August 03, 2023
Contact: Eric Heisler,
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State budget inaction will put nursing home providers out of business, low-income seniors and adults with disabilities out on the street

Providers voice concerns over budget impasse and absent state support

Harrisburg, PA (August 3, 2023) — Pennsylvania nursing home providers are warning state officials of the catastrophic implications a state budget without imperative funding will have on the care of low-income seniors and adults with disabilities. Additionally, the ongoing budget impasse is preventing legislative action from correcting state Medicaid reimbursement updates that are poised to create severe financial volatility –– further harming the care of low-income residents. Such action can be incorporated in the state’s Fiscal Code.


“With education funding continuing to be the focus of this year’s state budget, seniors and adults with disabilities have, thus far, been overlooked –– particularly those who are less fortunate and require essential and specialized nursing care,” said Zach Shamberg, president and CEO of the Pennsylvania Health Care Association. “Simply put, a budget that doesn’t include adequate funding for the new state staffing mandate –– and honor the commitment made to providers –– will upend the entire health care continuum. In the midst of ongoing negotiations, the focus has been on future generations instead of our older generation –– our fastest growing demographic, one we will all be a part of one day.”  



The 2022-23 state budget included an agreement between Pennsylvania’s former governor, Tom Wolf, legislative leaders, workers’ unions and industry stakeholders to increase nursing home staffing requirements in both 2023 and 2024 if commensurate funding was included in state Medicaid reimbursements. Pennsylvania funded the 2023 staffing increase, but 2024 reimbursement rates are set to fall well short of the estimated cost. Governor Josh Shapiro’s budget proposal for nursing facilities –– and the budget that currently awaits his signature –– includes an approximate $3.99 per resident per day (PRPD) funding increase. PHCA has advocated for a $12.50 PRPD increase to cover the cost of the state’s staffing mandate, as well as investments to enhance the care of our loved ones and neighbors.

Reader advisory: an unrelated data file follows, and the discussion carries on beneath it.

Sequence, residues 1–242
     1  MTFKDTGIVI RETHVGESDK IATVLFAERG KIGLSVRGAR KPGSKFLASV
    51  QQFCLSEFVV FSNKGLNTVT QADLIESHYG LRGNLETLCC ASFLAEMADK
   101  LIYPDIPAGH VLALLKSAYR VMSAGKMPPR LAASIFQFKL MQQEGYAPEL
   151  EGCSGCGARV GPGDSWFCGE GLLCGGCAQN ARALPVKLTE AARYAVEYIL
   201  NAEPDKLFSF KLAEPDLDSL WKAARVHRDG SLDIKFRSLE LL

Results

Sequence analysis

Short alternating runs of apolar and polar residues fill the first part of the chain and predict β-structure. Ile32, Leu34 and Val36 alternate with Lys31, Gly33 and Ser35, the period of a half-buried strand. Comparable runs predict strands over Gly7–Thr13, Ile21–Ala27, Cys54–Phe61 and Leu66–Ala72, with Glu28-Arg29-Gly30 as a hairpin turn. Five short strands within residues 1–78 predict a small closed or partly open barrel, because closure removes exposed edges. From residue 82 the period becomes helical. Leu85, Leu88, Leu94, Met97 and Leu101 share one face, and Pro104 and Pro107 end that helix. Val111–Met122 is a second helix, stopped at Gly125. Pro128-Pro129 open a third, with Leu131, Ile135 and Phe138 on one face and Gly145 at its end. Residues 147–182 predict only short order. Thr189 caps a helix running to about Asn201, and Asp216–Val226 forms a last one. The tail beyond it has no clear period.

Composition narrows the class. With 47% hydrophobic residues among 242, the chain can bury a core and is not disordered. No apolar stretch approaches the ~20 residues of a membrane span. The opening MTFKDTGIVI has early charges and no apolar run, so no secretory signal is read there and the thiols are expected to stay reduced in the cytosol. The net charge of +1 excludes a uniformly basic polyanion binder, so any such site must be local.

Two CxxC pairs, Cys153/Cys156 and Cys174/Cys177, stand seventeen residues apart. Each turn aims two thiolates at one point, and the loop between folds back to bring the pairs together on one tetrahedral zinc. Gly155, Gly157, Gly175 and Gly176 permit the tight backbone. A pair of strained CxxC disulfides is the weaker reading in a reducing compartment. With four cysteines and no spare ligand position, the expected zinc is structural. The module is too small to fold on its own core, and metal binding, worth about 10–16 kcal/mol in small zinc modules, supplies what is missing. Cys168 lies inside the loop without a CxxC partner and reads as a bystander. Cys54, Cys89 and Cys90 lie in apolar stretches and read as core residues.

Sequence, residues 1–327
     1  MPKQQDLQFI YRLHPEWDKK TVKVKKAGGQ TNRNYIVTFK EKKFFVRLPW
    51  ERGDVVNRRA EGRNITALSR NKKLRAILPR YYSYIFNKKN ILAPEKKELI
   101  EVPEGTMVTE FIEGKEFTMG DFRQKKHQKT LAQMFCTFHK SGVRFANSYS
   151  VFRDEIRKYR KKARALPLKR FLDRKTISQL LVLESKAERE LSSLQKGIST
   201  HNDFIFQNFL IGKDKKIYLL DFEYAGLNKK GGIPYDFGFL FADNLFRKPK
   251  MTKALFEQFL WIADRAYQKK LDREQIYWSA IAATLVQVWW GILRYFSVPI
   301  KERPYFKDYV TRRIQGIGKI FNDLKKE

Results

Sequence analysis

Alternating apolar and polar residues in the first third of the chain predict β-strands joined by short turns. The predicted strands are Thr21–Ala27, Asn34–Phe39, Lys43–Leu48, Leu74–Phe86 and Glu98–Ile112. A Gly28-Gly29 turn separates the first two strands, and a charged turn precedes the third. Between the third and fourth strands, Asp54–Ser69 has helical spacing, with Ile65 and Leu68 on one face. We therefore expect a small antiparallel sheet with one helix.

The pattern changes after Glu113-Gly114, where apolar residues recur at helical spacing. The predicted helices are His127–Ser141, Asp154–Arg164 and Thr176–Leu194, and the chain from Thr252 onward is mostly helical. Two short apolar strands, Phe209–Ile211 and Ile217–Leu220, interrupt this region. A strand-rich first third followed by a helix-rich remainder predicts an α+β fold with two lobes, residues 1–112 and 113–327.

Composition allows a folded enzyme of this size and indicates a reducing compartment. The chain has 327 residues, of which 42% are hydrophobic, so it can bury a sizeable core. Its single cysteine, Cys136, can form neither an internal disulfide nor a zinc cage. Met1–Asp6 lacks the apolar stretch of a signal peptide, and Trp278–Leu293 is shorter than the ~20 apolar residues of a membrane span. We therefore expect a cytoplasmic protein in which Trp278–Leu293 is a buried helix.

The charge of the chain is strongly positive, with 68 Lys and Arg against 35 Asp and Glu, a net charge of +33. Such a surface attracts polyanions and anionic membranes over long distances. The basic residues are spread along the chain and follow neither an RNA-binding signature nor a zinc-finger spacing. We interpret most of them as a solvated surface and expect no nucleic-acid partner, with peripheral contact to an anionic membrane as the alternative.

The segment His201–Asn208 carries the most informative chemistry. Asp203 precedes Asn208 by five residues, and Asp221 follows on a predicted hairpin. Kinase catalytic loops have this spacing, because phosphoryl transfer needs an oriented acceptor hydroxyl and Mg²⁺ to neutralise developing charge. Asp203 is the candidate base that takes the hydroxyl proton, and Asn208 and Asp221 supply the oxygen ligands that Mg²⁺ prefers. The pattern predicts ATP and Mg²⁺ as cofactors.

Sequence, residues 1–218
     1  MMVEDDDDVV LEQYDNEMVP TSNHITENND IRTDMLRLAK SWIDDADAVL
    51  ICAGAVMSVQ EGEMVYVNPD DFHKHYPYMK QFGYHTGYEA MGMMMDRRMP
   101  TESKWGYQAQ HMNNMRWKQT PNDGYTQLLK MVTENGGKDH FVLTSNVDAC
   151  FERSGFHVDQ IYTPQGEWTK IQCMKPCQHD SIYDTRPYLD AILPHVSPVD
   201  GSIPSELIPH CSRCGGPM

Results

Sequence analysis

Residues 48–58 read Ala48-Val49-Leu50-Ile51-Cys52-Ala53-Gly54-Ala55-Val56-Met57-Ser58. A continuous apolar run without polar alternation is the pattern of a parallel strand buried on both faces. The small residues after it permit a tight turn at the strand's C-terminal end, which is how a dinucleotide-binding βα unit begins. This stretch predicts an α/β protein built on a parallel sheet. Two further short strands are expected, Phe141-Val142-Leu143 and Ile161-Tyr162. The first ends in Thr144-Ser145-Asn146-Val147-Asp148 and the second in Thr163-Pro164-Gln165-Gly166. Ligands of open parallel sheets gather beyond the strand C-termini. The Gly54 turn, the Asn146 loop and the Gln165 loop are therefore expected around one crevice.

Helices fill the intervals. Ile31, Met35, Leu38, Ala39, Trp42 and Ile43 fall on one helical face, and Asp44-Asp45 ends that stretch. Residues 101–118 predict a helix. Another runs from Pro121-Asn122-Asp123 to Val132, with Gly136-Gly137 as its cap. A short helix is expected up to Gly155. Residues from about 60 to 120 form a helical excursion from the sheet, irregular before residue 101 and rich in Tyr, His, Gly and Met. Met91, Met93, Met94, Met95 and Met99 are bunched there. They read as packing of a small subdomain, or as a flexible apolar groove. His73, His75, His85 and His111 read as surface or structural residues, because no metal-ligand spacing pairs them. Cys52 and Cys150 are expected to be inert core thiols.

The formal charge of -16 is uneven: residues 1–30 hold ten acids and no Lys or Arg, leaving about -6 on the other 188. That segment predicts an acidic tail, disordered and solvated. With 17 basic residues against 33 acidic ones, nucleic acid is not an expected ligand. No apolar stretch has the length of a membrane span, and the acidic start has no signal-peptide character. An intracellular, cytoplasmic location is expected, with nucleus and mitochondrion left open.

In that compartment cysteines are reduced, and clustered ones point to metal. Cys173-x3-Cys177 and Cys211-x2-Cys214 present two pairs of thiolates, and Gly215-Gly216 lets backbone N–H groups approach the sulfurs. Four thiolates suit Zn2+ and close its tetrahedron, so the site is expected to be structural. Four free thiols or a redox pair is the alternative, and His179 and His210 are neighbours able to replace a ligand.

Complicating matters, the Department of Human Services (DHS) has performed an annual rebasing of reimbursement rates which now factors in more provider COVID-19 costs. This change in data to calculate reimbursements has created grave financial volatility within the new rates that are intended to reimburse providers for the resident care costs already paid for by the provider. Nearly 4,000 Medicaid-reliant residents at 70 nursing homes are positioned to lose, on average, $19 a day in funding for their care –– an extreme swing of five percent or more in rates for some providers that has the potential to close facilities and force residents to lose their care. PHCA has advocated for a legislative fix in the state’s Fiscal Code to limit the volatility. With a federal deadline nearing for the state to finalize the rates, the budget impasse is fueling a doomsday scenario. 


The third concern with the budget impasse is the fate of the Medicaid Day One Incentive (MDOI) program, which further supports nursing homes caring for high-Medicaid populations. The budget delay leaves providers uncertain as to whether they can expect the program to timely allocate funds.


“The fallout from unfunded mandates and a reimbursement system that doesn’t account for a costly pandemic will be catastrophic for long-term care providers who are simply trying to care for our state’s most vulnerable and low-income population,” Shamberg continued. “Why is the state turning its back on the essential care of our seniors and adults with disabilities? With median operating margins already at -8.2%, greater financial burden will collapse the long-term care system –– and ultimately, the entire health care continuum.”